86 REMAINS OF KASHGAR, OASES OF YARKAND AND KARGHALIK [Chap. IV
of human remains ; nor would it be in agreement with orthodox Zoroastrian practice. Unless, therefore, we may recognize in this strange ruin a relic of the times when the territory of Kashgar contained a considerable community of Nestorian Christians, we must look to the Chinese side for some explanation of its doleful purpose.
SECTION III.-THE OASIS AND CITY OF YARKAND
On the I Ith of September, 1900, I finally set out from Kashgar for the journey to Khotan. Avoiding the ordinary caravan route, I chose for the march to Yarkand the track which crosses the region of moving sands around the popular shrine of Ordam-Padshah, and joins the main road from Kashgar and Yangi-Hisar at the oasis of Kizil. The account contained in my Personal Narrative 1 renders it unnecessary to describe here my route or the appearance of that much-frequented pilgrimage place in the desert. Before reaching the latter I received information of two old sites (kône-shahr) of some kind. One of these, known as Kizil-Debe, and situated about five miles to the north-west of the Yakshamba or Sunday Bazar of Khan-arik, was visited by Surveyor Ram Singh. He reported having seen there only waste ground strewn with such minute débris as is observed at Hasa-Tam, and scanty traces of a low platform or wall built of clay. The other old site, called Bai-khan, and situated approximately 16 miles to the south-east of the Bazar of the Achchik oasis, I vainly attempted to reach on my march to Ordam-Padshah. My failure in this attempt, explained in my Personal Narrative, need scarcely give rise to much regret ; for, according to the descriptions received, this locality, too, shows only the fragmentary débris characteristic of those completely eroded sites known as ` Tatis ', which we shall soon have occasion to notice in the Khotan region.
Ordam-Padshah, a desolate Ziarat surrounded on all sides by high dunes of drift-sand, owes its sanctity to the pious belief that it marks the spot where the holy Sultan Arslan Boghra Khan, a grandson of Satok Boghra Khan, with a host of faithful followers of Islam, while engaged in prayer, succumbed to a treacherous attack of the infidel army from Khotan. The legend of the royal martyr is told at length in the Tadhkira-i Satok Boghra Khan, full extracts from which have been given by Dr. Bellew 2. No ancient remains of any kind appear to exist near this pilgrimage place ; yet in view of the recurring proofs as to the continuity of local worship in these regions, the question seems justified whether Ordam-Padshah, like many a Mazar about Khotan, has not inherited its fame from some earlier Buddhist shrine in the same locality 3.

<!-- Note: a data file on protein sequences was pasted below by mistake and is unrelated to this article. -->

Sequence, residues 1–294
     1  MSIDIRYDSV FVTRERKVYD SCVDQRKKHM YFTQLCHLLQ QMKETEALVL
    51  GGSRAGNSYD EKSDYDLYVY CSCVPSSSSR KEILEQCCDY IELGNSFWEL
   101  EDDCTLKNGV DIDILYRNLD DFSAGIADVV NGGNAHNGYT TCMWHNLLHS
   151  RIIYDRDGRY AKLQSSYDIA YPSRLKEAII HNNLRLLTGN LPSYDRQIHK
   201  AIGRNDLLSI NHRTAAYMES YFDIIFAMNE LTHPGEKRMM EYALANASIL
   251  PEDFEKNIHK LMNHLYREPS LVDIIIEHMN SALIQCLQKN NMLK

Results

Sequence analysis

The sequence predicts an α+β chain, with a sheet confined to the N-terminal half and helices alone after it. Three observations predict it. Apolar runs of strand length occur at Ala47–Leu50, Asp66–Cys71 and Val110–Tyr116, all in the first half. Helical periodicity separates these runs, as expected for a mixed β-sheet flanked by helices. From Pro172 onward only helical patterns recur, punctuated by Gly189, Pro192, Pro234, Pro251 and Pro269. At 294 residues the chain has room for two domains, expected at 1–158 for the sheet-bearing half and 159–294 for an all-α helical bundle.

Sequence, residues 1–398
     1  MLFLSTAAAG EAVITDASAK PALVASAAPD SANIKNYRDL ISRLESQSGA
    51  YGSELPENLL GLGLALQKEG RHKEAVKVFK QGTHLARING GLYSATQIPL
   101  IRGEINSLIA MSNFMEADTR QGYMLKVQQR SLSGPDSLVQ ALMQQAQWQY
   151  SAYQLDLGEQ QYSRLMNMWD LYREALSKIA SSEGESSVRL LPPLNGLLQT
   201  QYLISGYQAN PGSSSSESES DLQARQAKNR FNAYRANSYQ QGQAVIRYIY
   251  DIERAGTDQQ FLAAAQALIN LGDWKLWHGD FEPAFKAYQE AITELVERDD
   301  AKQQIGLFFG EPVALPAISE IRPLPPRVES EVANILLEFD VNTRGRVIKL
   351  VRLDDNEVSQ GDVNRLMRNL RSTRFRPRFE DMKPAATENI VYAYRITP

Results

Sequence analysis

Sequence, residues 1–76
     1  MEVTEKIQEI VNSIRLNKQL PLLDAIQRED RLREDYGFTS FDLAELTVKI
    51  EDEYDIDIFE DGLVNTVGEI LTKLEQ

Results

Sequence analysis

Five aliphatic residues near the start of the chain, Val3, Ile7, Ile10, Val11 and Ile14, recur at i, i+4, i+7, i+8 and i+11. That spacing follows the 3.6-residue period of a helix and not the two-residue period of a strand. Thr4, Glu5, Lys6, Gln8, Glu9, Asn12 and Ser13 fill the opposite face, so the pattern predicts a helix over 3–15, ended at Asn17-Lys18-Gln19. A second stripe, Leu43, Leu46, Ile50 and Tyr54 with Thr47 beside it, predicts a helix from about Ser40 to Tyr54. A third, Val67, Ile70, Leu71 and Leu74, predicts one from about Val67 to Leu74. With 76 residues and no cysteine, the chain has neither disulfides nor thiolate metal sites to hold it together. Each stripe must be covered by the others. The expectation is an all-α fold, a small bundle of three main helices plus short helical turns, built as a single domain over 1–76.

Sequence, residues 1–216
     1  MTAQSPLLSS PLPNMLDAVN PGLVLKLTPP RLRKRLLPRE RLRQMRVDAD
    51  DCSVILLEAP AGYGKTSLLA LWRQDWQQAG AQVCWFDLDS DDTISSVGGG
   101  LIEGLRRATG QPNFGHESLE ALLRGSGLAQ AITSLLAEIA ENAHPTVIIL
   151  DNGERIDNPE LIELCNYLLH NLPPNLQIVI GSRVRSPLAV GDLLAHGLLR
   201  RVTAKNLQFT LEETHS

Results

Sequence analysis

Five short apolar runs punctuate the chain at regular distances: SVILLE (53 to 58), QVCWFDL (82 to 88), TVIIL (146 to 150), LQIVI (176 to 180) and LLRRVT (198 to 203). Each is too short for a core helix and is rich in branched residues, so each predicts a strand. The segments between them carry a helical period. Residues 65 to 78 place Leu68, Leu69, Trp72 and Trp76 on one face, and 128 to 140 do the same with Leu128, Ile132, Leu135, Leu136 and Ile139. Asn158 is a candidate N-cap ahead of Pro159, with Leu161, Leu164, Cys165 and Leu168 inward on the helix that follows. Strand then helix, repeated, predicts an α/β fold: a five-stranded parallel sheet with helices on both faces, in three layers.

Ordam-Padshah lies undoubtedly on the most direct line connecting Kashgar with the oasis of Yarkand ; and consequently the tradition, which asserts that the main road between these two places once passed there and by the neighbouring shrine of Hazrat-Bégim, may possibly rest on an historical basis 4. We shall presently see that the assumption of such a shorter
1 See Ruins of Kholan, pp. 149 sqq.
2 See Yarkand Mission Report, pp. I 27 sq. ; also Grenard, in Journal asiat., 190o, xv. p. 13.
3 For a detailed description of the physical conditions of Ordam-Padshâh, comp. Hedin, Reisen in Z.-A., pp. 232 sq.
4 See Hedin; ibid., p. 3. The belief there expressed that in old times the belt of vegetation and settlements might have extended in this region further eastwards than at present would receive archaeological support if Dr. Bellew's
statement as to the existence of a débris-strewn ancient site near Hazrat-Bégim (see Yarkand Mission Report, p. 38) could be verified. When encamped at Hazrat-Bégim on September 14, 190o, I received no information as to such a site in the vicinity, and the manifestly erroneous route which the map of the Yarkand Mission Report marks for Dr. Bellew's excursion to Ordam-Padshâh makes the actual position of the reported site appear doubtful.